Universities Prepare for Zika Virus as Classes Start


Students return to campus with another challenge: the risk of Zika Virus. While campuses with the help of authorities have taken the necessary steps to prevent the virus from getting into campus, risk is still there. The Center for Disease Control and Prevention are also taking steps to protect and educate the public and launched a website for Zika Virus.

There has been over 3,818 reported cases of Zika in the United States according to the CDC's Case Counts. Most of the cases were acquired during travel (3,712) and 105 cases were reported to have been acquired locally and mosquito-borne.

Most of the travel associated cases are from those who entered the U.S. from South and Central America and brought the virus with them. Some acquire the virus through sexual activity and the mosquito-borne cases are from Florida.

People with Zika shows mild symptoms of fever, rashes, headache, muscle and joint pains, and conjunctivitis. The virus can affect fetuses of expectant mothers causing them brain defects and babies being born with microcephaly or abnormally small heads. To date, there is no evidence that "a woman who is not pregnant would not pose a risk for birth defects in future pregnancies after the virus has cleared from her blood."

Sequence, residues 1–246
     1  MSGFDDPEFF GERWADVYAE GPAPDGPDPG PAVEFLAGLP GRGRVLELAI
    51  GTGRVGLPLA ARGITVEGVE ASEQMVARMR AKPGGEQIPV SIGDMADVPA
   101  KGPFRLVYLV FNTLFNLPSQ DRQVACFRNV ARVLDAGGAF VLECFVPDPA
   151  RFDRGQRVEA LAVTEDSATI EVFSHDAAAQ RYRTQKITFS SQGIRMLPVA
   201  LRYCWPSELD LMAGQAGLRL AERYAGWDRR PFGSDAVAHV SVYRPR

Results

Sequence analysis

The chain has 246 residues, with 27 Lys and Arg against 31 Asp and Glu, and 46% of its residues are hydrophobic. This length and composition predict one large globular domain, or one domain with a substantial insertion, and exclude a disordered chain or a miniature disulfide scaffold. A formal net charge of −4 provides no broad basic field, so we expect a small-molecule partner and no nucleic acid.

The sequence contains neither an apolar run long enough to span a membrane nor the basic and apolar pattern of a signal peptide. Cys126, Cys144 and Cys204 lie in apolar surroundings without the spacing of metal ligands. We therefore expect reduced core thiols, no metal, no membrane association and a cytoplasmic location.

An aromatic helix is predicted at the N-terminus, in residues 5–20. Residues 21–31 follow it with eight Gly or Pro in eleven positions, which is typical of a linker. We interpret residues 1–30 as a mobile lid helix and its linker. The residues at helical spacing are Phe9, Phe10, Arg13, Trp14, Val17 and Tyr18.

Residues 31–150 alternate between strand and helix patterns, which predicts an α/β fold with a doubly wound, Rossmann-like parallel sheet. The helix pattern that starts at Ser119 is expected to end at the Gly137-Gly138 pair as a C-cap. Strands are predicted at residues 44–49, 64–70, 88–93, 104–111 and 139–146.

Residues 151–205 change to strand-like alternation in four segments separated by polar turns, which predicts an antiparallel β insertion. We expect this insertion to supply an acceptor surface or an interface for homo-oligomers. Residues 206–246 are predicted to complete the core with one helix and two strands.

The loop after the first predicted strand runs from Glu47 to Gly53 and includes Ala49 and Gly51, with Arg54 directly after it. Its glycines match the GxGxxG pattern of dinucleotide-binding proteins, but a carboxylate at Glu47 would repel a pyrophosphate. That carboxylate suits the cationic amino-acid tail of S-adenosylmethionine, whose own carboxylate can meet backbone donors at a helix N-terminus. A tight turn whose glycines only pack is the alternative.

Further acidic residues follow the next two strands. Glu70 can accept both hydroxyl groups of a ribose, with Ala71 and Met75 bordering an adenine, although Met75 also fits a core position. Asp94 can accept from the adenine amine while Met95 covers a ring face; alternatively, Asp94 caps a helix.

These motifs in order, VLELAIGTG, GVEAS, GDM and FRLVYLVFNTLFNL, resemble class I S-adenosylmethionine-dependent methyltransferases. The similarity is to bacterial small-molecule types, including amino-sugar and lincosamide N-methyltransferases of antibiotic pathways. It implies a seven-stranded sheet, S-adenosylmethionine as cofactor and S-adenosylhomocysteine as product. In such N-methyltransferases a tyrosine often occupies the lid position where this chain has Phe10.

Florida has reported over 800 cases of Zika and universities have taken steps to educate students about the virus and how to protect themselves. Apart from informing students the University of Miami and the Florida International University (FIU) have also established prevention efforts in campus.

FIU created a committee to take charge of their campaign that initiated the steps in prevention which included treatment of standing water where mosquitoes might breed and an information campaign that included setting up signages in campus and FAQs on the university's website.

The University of Miami have also taken the same steps and included spraying insecticide in targeted areas inside the campus.

Since it's difficult to determine student's response and attitude towards the campaign, involving the community is another alternative. American College Health Association's (ACHA) Tim Moody also suggested using the CDC's Zika Interim Response Plan as a guideline.

While Miami might be the hotspot for Zika transmissions in the U.S., universities are non-complacent about the issue and are taking measures to protect their students.

Universities in the Gulf Coast have are doing preventive steps since their climate makes the area a suitable breeding ground for mosquitoes. Tulane University in New Orleans for example have kicked off prevention steps long before classes began. They have either drained or treated standing water and sprayed on campus several times during the summer.

The University Health Center of the University of Maryland at College Park even emailed students with tips and other relevant information about Zika before the start of the fall semester.

Since most cases of Zika were contracted with travel associated activities, the University of Texas at Austin's University Health Services gave consultation to students who came back from a trip for diagnosis and also inform them how to protect themselves and their sexual partners.

At the moment, there is no known vaccine or medicine for Zika, the best way for everyone to be protected is to be informed.


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